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For never was a story of more woe than this

Pupils from 10 schools in Knowsley are joining nearly 30,000 pupils in nearly 1,000 schools across the country to celebrate Shakespeare and perform some of his most loved pieces of work.

The students, the latest cohort of a record 280,000 young people to have participated in the Festival since it began, got the chance to perform abridged Shakespeare plays in one of 136 professional theatres nationwide.

Joining the festival were pupils from Stockbridge Village Primary School who performed at Knowsley Leisure and Culture Park.

Alex Borrill, director of performance at Stockbridge Village Primary, said: “This was our second opportunity to take part in the festival. We grabbed the opportunity to perform in a real fully operational working theatre.

“While initially daunted looking at the complexity of the script, watching the children learn lines from Romeo and Juliet was an amazing experience.

“The enthusiasm and passion from the children to understand the script, relate to characters and watch their confidence grow, felt wonderful and to see their hard work pay off with an ambitious performance made every sleepless night worthwhile.

“We embarked on a journey that showed them to be Successful Visionary and Proud.

“This opportunity gave our children lifelong memories and achievements that they will hold with them all their lives and an understanding of language and Shakespeare they will always be able to dip into.

“It has been a long road as we embarked on our journey in July”.

Other schools that took part in Knowsley included: St John Fisher RC Primary School - Macbeth; St Joseph the Worker RC Primary School - Much Ado About Nothing; Our Lady’s RC Primary School - Romeo and Juliet; St Luke’s Primary School - A Midsummer Night’s Dream; St Mark’s Catholic Primary School - Much Ado About Nothing; Saints Peter and Paul Catholic Primary School - Twelfth Night; St Joseph’s RC Primary School - Macbeth, St Marie’s RC Primary School - Romeo and Juliet and St Michael and All Angels RC Primary School - A Midsummer Night’s Dream.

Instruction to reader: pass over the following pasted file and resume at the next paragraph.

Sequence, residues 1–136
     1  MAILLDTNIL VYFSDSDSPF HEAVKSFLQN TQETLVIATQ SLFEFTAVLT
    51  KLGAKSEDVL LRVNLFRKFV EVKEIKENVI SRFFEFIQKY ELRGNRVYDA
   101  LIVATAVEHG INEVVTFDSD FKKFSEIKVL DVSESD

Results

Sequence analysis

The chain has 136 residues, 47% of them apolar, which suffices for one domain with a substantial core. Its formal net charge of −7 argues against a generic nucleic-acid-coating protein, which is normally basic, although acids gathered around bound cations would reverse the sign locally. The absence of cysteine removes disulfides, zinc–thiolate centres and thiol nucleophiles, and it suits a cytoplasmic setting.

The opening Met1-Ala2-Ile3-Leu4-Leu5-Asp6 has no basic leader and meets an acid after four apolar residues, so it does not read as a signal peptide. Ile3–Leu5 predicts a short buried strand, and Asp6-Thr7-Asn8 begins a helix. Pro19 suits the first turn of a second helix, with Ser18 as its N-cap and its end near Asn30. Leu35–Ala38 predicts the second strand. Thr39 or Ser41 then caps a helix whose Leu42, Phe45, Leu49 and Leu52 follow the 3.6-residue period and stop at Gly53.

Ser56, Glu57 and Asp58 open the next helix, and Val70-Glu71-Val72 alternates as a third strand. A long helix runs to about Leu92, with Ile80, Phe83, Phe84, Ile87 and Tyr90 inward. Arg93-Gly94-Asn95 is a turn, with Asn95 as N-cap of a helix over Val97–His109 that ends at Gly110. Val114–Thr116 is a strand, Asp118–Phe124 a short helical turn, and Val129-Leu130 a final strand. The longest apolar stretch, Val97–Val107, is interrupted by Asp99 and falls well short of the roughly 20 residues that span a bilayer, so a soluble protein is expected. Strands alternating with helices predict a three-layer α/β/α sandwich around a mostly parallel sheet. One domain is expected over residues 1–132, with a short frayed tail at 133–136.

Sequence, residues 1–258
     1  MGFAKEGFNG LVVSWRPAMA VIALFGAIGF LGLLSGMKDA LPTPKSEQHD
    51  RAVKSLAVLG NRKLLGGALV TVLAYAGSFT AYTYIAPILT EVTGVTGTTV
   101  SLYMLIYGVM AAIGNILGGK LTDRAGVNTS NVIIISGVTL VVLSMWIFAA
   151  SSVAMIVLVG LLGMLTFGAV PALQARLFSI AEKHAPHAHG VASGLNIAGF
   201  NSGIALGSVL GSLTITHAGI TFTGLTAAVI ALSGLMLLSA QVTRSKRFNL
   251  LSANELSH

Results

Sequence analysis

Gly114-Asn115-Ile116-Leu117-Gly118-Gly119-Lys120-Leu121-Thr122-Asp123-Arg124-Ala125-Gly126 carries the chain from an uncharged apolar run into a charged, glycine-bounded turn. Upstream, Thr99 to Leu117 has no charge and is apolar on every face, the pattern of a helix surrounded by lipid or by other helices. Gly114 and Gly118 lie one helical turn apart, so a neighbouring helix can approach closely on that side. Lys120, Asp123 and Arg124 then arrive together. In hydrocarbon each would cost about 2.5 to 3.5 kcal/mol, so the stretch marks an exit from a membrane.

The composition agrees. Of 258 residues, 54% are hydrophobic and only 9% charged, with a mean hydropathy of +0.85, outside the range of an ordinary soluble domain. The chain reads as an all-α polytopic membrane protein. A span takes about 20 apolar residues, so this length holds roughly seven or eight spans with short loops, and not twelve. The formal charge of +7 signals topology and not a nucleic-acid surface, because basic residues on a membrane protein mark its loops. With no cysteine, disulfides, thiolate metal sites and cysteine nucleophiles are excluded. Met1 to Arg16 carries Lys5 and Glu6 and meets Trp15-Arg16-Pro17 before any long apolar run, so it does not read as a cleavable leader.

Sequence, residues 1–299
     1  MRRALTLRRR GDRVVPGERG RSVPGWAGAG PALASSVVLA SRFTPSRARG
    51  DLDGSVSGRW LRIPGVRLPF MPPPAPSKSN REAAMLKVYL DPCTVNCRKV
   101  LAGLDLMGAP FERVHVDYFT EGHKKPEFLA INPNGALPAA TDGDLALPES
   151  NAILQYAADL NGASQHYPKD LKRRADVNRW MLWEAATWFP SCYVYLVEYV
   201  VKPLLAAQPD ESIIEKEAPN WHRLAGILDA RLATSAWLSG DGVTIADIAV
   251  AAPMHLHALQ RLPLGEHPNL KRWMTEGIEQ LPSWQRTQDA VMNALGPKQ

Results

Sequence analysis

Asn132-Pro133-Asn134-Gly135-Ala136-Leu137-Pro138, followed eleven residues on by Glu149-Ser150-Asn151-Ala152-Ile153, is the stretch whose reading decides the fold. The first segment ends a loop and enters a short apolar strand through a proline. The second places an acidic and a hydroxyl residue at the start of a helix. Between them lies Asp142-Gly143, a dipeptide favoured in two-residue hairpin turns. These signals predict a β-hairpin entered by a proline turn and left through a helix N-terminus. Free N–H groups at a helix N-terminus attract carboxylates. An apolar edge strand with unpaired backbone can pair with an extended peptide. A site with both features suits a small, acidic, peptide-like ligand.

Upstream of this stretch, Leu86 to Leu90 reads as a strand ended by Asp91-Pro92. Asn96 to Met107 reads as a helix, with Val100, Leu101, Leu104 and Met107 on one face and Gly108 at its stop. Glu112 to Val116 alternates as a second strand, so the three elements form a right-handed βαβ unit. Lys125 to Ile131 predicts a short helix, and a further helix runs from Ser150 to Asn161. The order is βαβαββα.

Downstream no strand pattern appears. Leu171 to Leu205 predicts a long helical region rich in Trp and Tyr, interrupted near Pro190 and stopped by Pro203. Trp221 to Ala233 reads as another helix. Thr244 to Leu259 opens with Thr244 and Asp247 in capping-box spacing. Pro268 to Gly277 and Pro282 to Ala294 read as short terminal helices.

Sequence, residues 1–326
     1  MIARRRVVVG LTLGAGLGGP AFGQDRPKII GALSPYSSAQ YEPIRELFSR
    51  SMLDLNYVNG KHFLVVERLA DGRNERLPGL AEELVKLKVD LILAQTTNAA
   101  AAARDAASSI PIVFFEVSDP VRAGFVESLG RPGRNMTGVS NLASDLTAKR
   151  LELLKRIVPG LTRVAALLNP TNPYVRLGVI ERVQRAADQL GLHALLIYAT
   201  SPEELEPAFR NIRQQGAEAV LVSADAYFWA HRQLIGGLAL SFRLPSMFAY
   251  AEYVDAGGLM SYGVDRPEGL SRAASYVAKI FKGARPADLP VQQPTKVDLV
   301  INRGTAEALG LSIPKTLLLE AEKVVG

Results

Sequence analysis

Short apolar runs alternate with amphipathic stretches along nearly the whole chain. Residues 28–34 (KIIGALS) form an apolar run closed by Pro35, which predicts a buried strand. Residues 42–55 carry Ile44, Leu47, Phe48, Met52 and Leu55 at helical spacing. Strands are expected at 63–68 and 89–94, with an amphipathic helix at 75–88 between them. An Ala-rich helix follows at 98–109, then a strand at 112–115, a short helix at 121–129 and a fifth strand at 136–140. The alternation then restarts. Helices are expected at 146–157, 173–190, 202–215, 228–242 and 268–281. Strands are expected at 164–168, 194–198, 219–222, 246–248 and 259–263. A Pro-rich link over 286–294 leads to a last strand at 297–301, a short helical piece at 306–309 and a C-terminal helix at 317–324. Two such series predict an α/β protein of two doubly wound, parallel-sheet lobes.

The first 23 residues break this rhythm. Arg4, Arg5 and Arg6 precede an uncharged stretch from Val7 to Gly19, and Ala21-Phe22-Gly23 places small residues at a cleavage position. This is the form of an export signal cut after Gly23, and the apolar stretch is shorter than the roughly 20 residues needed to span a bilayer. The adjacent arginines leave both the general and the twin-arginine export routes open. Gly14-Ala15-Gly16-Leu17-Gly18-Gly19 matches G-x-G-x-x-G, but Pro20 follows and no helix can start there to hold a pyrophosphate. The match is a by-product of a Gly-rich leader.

292 performance nights took place throughout the UK between 16 October and 8 December. Up to 30,000 students stepped onto their local stage after months of preparation and do something really brave: perform in front of a paying audience in a professional theatre.

The experience can give young people confidence and self esteem to last a lifetime. As a result of the Festival, 97% of teachers say their students work better together as a team and that their students’ confidence increases. 100% of special school teachers say that their students exceed expectations.

Taking part in the Festival leaves a real legacy. Chief Executive Ruth Brock said: “Every workplace needs people who are confident and can work as a team and every community needs people who can get on with other people of very different backgrounds. Taking part in the Festival teaches these things - and, crucially, it helps young people make friends and have fun”.

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HEALTHY KNOWSLEY with Matthew Ashton, Director of Public Health for Knowsley and Sefton
on August 7th, 2018



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